6

I have read a blog post about Reader monad.

The post is truly great and explains the topic in details but I did not get why I should use the Reader monad in that case.

The post says: Suppose there is a function query: String => Connection => ResultSet

def query(sql:String) = conn:Connection => conn.createStatement.executeQuery(sql)

We can run a few queries as follows:

def doSomeQueries(conn: Connection) = {
  val rs1 = query("SELECT COUNT(*) FROM Foo")(conn)
  val rs2 = query("SELECT COUNT(*) FROM Bar")(conn)
  rs1.getInt(1) + rs2.getInt(1)
} 

So far so good, but the post suggests use the Reader monad instead:

class Reader[E, A](run: E => A) {

  def map[B](f: A => B):Reader[E, B] =
    new Reader(е=> f(run(е)))

  def flatMap[B](f:A => Reader[E, B]): Reader[E, B] =
    new Reader(е => f(run(е)).run(е))  
}

val query(sql:String): Reader[Connection, ResultSet] =
  new Reader(conn => conn.createStatement.executeQuery(sql))

def doSomeQueries(conn: Connection) = for {
  rs1 <- query("SELECT COUNT(*) FROM Foo")
  rs2 <- query("SELECT COUNT(*) FROM Bar")
} yield rs1.getInt(1) + rs2.getInt(1)

Ok, I got that I don't need to thread connection through the calls explicitly. So what ?
Why the solution with Reader monad is better than the previous one ?

UPDATE: Fixed the typo in def query: = should be => This comment only exists because SO insists that edits must be at least 6 chars long. So here we go.

3
  • +1, but this question probably deserves a scalaz tag, and it's worth noting that your second example isn't self-contained—you'd need map and flatMap on Reader to use it in the for-comprehension. Mar 8 '14 at 15:50
  • Thanks for the comment. You are right, I will fix the question.
    – Michael
    Mar 8 '14 at 17:31
  • checkout this series for more details about Reader and its usage with db connections coderwall.com/p/neukwa
    – Mortimer
    Mar 8 '14 at 22:52
10

The most important reason is that the reader monad allows you to build up complex computations compositionally. Consider the following line from your non-reader example:

val rs1 = query("SELECT COUNT(*) FROM Foo")(conn)

The fact that we're passing in conn manually means that this line doesn't really make sense on its own—it can only be understood and reasoned about in the context of the doSomeQueries method that gives us conn.

Often this is just fine—there's obviously nothing wrong about defining and using local variables (at least in the val sense). Sometimes, though, it's more convenient (or desirable for other reasons) to build up computations out of stand-alone, composable pieces, and the reader monad can help with this.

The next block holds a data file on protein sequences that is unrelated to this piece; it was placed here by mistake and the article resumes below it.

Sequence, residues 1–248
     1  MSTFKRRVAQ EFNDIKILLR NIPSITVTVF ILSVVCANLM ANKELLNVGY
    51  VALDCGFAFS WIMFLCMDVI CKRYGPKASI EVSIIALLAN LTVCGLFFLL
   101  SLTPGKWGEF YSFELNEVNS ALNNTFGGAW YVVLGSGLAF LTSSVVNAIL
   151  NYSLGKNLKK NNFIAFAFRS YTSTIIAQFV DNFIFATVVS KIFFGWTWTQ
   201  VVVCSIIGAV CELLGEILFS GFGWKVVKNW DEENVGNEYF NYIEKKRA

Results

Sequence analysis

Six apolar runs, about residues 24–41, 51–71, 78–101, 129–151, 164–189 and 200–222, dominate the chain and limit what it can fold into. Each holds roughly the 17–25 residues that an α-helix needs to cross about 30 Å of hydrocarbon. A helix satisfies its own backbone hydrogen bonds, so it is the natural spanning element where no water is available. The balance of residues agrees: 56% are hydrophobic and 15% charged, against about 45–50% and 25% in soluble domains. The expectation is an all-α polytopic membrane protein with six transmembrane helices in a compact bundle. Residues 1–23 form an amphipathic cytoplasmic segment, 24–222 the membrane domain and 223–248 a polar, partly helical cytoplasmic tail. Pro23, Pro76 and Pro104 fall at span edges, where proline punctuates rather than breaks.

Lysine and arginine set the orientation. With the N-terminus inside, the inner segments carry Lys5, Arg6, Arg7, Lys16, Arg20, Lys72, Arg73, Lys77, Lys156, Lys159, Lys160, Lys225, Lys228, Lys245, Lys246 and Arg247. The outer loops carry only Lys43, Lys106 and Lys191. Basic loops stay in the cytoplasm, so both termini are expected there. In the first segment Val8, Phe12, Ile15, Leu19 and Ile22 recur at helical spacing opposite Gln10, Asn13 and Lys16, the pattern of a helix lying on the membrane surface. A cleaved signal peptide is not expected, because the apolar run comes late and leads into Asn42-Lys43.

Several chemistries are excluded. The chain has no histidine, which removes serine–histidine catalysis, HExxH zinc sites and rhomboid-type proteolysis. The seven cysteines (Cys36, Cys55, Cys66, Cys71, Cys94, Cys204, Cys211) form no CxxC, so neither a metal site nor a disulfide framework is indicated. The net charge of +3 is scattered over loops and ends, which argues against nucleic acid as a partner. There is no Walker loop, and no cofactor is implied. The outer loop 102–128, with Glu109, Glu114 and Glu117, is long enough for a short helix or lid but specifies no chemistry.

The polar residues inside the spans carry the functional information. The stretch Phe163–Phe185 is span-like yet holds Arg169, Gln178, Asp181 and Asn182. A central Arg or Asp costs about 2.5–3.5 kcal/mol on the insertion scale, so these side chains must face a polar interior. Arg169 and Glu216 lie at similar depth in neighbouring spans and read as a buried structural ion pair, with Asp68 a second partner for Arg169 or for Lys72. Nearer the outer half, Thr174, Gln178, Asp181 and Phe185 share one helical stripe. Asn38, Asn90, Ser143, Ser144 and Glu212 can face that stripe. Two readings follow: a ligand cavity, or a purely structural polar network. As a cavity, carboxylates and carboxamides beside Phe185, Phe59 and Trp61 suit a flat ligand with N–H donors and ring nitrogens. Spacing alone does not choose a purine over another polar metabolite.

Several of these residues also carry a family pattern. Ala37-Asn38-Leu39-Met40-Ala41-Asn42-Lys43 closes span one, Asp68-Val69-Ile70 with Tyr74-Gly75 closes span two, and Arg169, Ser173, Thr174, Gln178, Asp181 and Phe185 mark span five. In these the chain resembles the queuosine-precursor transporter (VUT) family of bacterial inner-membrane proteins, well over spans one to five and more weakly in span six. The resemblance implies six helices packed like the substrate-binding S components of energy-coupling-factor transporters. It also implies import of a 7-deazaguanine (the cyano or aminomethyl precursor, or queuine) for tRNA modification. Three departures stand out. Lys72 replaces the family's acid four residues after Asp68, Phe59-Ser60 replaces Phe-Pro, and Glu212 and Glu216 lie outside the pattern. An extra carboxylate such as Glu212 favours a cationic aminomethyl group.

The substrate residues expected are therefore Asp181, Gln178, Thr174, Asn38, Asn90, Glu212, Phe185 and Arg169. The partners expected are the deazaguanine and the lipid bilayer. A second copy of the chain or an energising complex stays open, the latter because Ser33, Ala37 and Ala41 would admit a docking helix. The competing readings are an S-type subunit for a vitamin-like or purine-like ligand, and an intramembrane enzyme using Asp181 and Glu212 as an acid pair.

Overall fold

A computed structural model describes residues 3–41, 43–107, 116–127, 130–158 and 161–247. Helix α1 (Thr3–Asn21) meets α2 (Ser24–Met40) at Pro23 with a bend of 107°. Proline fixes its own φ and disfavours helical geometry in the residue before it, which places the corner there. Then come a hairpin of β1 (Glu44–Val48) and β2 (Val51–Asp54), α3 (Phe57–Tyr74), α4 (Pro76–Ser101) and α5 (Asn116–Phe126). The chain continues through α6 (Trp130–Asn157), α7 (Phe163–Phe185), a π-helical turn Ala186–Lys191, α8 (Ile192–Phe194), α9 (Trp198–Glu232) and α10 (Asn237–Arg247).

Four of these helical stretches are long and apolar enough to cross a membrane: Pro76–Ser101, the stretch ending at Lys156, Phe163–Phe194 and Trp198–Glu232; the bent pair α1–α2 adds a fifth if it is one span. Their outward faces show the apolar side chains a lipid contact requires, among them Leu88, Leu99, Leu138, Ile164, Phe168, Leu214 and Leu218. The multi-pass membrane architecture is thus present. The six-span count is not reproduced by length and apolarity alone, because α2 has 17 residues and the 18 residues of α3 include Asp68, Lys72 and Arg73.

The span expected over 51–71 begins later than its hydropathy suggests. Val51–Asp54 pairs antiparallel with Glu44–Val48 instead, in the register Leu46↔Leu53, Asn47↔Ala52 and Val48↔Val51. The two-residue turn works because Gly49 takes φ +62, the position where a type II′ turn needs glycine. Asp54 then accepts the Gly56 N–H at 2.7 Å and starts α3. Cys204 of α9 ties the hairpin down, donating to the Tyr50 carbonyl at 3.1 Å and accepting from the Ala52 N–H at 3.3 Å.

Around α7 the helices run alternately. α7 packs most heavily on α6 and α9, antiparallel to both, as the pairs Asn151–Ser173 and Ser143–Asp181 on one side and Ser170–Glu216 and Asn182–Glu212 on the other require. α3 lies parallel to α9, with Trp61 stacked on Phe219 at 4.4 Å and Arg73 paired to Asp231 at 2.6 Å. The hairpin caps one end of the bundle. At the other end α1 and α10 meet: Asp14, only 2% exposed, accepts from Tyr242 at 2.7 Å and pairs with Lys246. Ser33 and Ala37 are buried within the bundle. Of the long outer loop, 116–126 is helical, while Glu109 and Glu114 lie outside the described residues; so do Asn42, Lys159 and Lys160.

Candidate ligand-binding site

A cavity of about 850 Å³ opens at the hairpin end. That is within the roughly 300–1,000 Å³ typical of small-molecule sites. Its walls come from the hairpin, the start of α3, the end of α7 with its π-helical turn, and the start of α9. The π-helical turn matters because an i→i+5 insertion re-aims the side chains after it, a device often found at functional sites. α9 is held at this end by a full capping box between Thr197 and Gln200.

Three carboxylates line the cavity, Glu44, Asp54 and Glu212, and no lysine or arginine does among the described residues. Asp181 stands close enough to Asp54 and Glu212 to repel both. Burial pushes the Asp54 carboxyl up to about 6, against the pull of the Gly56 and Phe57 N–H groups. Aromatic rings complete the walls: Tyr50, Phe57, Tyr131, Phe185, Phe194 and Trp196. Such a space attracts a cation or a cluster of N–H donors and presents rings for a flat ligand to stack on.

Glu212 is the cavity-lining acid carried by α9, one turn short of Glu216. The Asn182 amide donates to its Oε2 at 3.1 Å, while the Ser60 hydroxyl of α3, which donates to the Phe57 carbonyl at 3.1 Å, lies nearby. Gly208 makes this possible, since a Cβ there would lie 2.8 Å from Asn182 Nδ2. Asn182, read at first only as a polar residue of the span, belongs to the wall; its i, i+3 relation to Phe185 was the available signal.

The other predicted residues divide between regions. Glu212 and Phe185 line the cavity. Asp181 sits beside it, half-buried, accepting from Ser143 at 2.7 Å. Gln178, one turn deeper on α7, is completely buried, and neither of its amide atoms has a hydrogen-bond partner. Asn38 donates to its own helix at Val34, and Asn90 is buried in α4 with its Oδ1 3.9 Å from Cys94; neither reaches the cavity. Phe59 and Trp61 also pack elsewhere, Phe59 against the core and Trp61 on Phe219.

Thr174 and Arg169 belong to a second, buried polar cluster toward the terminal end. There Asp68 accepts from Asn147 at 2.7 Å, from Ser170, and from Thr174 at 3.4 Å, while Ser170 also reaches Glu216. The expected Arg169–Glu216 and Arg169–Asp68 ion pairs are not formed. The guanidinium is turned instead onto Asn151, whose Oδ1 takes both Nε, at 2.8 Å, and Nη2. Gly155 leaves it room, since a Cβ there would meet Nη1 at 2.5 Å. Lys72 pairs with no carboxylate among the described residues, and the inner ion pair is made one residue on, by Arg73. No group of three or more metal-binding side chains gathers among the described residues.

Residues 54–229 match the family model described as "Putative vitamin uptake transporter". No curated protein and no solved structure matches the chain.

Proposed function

Consider query("SELECT COUNT(*) FROM Foo") in your second example. Assuming we know what query is, this is an entirely self-contained expression—there are no variables like conn that need to be bound by some enclosing scope. This means you can reuse and refactor more confidently, and that you don't have quite so much stuff to hold in your head when you're reasoning about it.

Again, this isn't ever necessary—it's largely a matter of style. If you decide to give it a try (and I'd suggest that you do), you'll probably pretty quickly develop preferences and intuitions about where it makes your code more intelligible and where it doesn't.

One other advantage is that you can compose different kinds of "effects" using ReaderT (or by adding Reader into some other stack). That set of issues probably deserves its own question and answer, though.

One last note: you probably want your doSomeQueries to look like this:

def doSomeQueries: Reader[Connection, Int] = for {
  rs1 <- query("SELECT COUNT(*) FROM Foo")
  rs2 <- query("SELECT COUNT(*) FROM Bar")
} yield rs1.getInt(1) + rs2.getInt(1)

Or, if this really is the end of the line:

def doSomeQueries(conn: Connection) = (
  for {
    rs1 <- query("SELECT COUNT(*) FROM Foo")
    rs2 <- query("SELECT COUNT(*) FROM Bar")
  } yield rs1.getInt(1) + rs2.getInt(1)
).run(conn)

In your current version you're not actually using conn.

2

For finding out the general benefits of using ReaderMonad I recommend Travis Brown's excellent answer - the strength of ReaderMonad lies in its compositionality and other extras provided by monads (e.g. the ReaderT et al). You get the most benefit out of it if you write your other code in monadic style too.

You've also asked specifically what's so desirable in not having to pass the connection around explicitly. I'll try to answer this part of your question here.

First, few words less to type / less to read is already an improvement. The more complex the whole codebase is the more I appreciate that. When I read a long method (not written by me of course ;) ) I find it easier when its logic isn't interwoven with dumb argument passing.

Second, ReaderMonad gives you a guarantee, that the connection is the same object all the way down. Most often you want exactly that. In your first example it's very easy to call

query("SELECT COUNT(*) FROM Bar")(anotherConnectionWhereverItCameFrom)

regardless of whether it's been done for purpose or by mistake. When I read a long method and see ReaderMonad used I know that there'll be only one connection used. No nasty surprises caused by some "tactical solution" in the 219th line of the method.

Note, that those benefits can be also achieved without ReaderMonad, even if it does good job in that area. You could for example just write:

class Query(val connection: Connection) {
  def apply(sql:String) = connection.createStatement.executeQuery(sql)
}

def doSomeQueries(query: Query) = {
  val rs1 = query("SELECT COUNT(*) FROM Foo")
  val rs2 = query("SELECT COUNT(*) FROM Bar")
  rs1.getInt(1) + rs2.getInt(1)
}
doSomeQueries(new Query(connection))

It wouldn't have neither composability nor other nice features of monads, but would achieve the ReaderMonad's goal of not passing the argument (connection) explicitly.

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